Culled from parenting.com
Feeding your baby
Your baby is probably able to pick up small objects between her thumb and forefinger now, and still puts them straight into her mouth. While this means that you'll need to take extra care to keep potentially dangerous small objects out of her reach, it also means that mealtime can become easier and more fun for both of you. Offer your baby a selection of enticing food, all cut up into pinchable bits, and let her feed herself. Meals will become a fun learning experience for her and you will have your hands free to feed yourself for the first time in many months. Lightly steamed vegetables, fruit, rice, bits of bread, and pieces of cheese and meat all make interesting and appealing finger foods for older babies. She'll eat until her appetite is satisfied; let her stop when she loses interest.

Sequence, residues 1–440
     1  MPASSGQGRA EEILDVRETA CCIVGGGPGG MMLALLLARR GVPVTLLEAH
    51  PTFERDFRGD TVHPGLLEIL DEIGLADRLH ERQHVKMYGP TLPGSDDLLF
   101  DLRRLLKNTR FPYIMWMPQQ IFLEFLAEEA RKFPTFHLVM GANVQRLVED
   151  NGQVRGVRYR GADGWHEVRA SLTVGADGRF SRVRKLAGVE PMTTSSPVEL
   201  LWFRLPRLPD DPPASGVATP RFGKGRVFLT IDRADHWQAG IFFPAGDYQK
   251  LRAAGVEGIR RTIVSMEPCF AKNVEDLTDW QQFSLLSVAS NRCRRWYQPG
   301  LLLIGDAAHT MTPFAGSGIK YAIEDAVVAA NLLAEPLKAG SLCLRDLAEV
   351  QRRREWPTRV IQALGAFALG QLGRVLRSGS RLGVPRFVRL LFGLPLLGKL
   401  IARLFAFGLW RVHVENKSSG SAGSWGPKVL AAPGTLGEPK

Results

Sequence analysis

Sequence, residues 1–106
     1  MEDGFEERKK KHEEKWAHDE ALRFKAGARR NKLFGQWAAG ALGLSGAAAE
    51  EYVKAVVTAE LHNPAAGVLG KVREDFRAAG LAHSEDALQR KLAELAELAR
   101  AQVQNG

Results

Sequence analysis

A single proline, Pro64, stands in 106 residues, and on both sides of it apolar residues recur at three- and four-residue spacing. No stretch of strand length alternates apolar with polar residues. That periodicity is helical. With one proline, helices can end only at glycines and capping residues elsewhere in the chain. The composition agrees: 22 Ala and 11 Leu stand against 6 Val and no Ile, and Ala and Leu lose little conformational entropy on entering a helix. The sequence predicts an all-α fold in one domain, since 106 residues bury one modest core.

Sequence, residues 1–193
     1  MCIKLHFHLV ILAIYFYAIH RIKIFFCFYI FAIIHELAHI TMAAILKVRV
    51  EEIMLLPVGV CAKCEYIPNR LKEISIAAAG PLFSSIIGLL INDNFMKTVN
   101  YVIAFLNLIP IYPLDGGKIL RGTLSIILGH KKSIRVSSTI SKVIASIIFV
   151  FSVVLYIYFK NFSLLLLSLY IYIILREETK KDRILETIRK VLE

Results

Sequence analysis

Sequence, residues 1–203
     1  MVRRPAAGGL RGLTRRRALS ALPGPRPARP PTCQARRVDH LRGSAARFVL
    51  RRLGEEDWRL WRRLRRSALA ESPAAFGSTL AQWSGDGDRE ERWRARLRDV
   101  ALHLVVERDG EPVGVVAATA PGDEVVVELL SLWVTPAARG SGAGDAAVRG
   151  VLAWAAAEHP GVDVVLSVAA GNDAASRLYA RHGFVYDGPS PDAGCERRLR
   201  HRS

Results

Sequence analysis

While mealtime will be messy for the next year or so, try not to worry about table manners just yet. Allowing her to hold and play with a spoon now will teach her to use it, eventually, with neatness and skill. Fill her sippy cup with water so that splashes won't matter so much. Plain water is better than sugary juice in any case.
While friends and relatives may feel that you should get a start on toilet training before your baby's first birthday, researchers in child development suggest otherwise. Rather than pressuring your baby to control her bowels before she is able, wait until her second birthday approaches before introducing her to a potty. Too much pressure before she is ready may result in wetting or withholding, while waiting until she shows an interest in using the potty is far more likely to make the process easy and smooth for both of you.